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Friday, April 1, 2016

Another Way of Living: The Story of Reston, VA @CityLab

Official Trailer: Another Way of Living: The Story of Reston, VA from Rebekah Wingert-Jabi on Vimeo.

Image James Rossant / Palindrome
An early rendering of the public gathering spot that would later become Reston Town Center.(James Rossant / Palindrome)
It’s rare for a 1960s suburban development to exert a cultural pull distinct from its neighboring city, but Reston pulled it off.
Situated about 20 miles from Washington, D.C., in what used to be northern Virginia farmland, this settlement has attracted generations of urbanists for its people-first brand of development. When Robert E. Simon Jr. bought the land and planned his flagship project, he insisted on walkability, density, access to nature and green space, and diversity of races and income levels. He didn’t invent these principles—his inspirations were hundreds of years old—but he and his successors managed to realize them at a scale and level of success that hadn’t been seen before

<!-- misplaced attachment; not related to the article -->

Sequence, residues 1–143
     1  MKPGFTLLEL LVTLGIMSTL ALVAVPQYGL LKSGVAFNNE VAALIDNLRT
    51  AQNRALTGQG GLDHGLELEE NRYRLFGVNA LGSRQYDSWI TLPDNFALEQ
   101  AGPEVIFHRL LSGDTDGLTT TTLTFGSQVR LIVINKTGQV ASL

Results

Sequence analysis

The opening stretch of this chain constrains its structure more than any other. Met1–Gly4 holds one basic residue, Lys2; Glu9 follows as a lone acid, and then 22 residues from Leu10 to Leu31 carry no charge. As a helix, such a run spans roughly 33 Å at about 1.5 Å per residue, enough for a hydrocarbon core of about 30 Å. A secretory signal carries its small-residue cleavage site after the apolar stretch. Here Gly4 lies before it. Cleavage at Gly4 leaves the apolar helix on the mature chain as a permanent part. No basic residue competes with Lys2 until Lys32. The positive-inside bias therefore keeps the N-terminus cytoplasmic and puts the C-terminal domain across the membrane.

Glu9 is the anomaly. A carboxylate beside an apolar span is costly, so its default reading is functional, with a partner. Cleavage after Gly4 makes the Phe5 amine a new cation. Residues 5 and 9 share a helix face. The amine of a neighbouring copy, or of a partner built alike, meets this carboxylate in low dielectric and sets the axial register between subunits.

The new documentary Another Way of Living: The Story of RestonVA charts Simon’s project from its genesis to now, through some of the last interviews he gave before passing away last year at 101. He’s a complicated fellow: an idealist dedicated to principles of quality, but also a grounded extrovert who understood—unlike most post-war suburban developers—that there are place-based requirements to happy living. The film, which screens Thursday at the Environmental Film Festival in D.C., makes the case that the best ideas driving urban revival today were actually tested and implemented by the team that built Reston 50 years ago.

[Keep reading at Citylab]

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